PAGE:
Remember, this is a surgical procedure that is not easily reversed. A tubal ligation involves cutting, clamping, or banding your fallopian tubes to keep eggs away from sperm fertilization. 


  • No more birth control
  • Easily performed right after childbirth (vaginal or c-section)
  • Several versions of this procedure exist to meet your needs


  • Basically irreversible
  • Does not protect against STDs 
  • Expensive 

Male sterilization or “vasectomy:”

This permanent form of birth control is for your male partner. 


Once again, this is another surgery that should be considered irreversible. It can be tricky and uncomfortable to reverse a vasectomy. So if you’re thinking of having your partner go through this, make sure you are definitely done having kids. 

During this procedure, the ends of the vas deferens (tubes that carry sperm), are closed off. It’s typically an out-patient procedure, so your partner is in and out on the same day.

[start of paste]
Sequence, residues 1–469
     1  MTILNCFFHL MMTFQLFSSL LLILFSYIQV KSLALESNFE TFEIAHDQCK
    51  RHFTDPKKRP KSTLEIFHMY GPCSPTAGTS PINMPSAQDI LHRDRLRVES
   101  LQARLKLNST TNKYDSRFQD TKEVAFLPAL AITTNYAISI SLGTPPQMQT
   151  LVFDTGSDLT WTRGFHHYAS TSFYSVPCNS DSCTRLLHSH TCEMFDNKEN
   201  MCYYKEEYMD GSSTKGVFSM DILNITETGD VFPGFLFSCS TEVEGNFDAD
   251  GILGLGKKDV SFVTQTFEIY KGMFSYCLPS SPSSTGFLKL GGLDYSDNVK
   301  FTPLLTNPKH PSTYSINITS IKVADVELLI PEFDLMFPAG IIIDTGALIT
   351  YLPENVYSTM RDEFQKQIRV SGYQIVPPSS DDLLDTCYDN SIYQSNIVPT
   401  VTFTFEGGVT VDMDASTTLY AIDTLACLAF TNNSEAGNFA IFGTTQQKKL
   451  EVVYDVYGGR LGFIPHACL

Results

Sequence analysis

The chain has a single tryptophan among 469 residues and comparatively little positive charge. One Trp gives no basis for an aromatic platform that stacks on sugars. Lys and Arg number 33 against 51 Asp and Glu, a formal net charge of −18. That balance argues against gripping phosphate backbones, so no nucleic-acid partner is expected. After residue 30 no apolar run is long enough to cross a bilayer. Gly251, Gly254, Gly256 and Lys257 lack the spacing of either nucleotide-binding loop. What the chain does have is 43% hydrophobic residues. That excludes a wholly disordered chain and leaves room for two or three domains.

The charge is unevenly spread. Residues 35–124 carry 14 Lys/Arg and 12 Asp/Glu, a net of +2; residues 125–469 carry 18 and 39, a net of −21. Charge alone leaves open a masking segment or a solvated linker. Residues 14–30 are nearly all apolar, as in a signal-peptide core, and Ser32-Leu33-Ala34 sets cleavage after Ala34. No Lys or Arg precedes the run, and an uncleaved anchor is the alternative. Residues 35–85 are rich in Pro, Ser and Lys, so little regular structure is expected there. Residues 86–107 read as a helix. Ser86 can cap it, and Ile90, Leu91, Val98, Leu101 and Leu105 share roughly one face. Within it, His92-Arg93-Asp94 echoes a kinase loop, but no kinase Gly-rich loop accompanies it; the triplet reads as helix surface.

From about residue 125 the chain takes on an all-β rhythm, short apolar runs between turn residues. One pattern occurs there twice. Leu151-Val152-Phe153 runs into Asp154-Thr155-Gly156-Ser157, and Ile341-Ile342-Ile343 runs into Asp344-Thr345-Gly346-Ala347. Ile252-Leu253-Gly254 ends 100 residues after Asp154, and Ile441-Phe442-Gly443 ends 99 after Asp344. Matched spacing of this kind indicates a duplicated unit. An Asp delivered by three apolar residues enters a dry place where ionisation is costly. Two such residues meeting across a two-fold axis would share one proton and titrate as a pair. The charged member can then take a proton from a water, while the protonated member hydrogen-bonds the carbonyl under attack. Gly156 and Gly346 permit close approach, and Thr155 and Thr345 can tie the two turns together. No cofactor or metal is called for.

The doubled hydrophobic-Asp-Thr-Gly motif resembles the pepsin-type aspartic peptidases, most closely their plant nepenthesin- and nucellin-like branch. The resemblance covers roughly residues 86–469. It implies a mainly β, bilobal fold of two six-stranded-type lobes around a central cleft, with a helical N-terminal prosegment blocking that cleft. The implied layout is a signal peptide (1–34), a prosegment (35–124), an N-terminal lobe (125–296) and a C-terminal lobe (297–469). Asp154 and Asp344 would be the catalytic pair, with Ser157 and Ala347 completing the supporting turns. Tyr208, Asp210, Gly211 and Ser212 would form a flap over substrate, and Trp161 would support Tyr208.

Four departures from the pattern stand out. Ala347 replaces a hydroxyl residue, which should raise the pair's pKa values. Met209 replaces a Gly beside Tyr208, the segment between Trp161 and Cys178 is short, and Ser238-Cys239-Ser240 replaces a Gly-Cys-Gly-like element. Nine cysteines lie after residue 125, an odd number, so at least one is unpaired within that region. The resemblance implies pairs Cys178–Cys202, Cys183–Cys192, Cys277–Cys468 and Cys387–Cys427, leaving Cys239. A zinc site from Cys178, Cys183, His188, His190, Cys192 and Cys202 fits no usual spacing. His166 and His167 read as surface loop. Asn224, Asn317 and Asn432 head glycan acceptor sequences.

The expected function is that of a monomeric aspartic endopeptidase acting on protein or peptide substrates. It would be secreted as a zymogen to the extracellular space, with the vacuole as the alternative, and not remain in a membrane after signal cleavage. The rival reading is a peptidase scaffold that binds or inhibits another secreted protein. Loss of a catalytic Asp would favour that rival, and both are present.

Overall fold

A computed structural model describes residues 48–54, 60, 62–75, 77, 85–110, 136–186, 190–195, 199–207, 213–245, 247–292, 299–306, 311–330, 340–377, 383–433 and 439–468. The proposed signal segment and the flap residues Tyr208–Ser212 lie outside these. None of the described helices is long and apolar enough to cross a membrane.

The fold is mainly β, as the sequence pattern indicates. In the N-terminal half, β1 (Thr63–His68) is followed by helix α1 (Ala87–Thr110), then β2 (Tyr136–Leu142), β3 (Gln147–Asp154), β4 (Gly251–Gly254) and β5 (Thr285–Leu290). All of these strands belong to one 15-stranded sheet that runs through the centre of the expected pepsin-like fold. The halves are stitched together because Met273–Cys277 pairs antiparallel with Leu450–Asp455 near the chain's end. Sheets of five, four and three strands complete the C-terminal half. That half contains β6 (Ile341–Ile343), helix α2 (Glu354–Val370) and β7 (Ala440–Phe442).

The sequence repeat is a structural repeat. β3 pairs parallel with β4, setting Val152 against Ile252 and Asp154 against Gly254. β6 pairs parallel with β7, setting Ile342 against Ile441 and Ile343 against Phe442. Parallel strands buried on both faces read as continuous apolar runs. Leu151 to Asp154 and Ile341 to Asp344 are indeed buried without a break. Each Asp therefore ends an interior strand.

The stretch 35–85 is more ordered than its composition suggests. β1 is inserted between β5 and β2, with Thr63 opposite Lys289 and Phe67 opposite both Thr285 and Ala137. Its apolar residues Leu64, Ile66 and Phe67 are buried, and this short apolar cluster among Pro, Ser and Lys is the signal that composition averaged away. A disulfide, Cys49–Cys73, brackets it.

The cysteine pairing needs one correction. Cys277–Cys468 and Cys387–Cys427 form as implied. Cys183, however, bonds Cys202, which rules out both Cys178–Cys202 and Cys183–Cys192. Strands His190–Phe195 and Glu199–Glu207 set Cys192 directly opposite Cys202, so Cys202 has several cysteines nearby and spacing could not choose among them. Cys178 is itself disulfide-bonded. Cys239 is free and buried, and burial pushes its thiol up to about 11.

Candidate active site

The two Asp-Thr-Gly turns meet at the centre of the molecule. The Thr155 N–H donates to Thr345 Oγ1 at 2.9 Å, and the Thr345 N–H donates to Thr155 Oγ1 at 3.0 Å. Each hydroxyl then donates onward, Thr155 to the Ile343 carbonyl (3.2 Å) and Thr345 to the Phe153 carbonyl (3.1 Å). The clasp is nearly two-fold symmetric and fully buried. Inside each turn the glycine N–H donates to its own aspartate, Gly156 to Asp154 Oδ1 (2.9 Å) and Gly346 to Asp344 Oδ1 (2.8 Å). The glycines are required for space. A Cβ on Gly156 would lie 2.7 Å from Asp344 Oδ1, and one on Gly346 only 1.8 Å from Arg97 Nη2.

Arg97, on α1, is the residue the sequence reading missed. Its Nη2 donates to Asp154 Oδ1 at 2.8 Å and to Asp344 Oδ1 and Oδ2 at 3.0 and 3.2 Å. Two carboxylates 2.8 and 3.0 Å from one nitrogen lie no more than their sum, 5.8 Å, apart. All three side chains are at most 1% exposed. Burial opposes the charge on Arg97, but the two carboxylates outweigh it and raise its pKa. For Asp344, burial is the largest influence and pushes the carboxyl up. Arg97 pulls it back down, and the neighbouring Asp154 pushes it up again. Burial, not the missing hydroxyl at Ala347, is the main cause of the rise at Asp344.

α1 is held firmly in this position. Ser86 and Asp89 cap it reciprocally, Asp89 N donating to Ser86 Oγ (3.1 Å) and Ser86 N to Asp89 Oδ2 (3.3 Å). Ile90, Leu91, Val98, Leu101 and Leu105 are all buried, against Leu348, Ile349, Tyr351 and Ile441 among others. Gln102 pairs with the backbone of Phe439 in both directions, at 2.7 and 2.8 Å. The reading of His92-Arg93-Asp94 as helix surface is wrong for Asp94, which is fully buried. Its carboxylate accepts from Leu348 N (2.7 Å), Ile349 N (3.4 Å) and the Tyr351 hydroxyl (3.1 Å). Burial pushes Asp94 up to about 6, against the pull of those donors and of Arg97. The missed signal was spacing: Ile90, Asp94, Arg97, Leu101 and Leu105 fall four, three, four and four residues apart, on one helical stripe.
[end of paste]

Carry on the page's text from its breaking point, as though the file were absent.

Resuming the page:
• No more birth control worries 
  • Very low-risk 
  • High success rate (only 1 in 10,000 fail)


  • Reversals are difficult
  • Does not protect against STDs
  • Risk of infection after procedure

Non-Pharmacological Options


Condoms are the classic barrier birth control method. There are both female and male condoms available to buy without any prescription! 

Here’s the thing though… 

Female condoms are about 75% to 82% effective with regular use. It’s difficult to use any kind of condom perfectly, so plan for error. 

Male condoms have similar effectiveness. They are about 87% effective with typical use.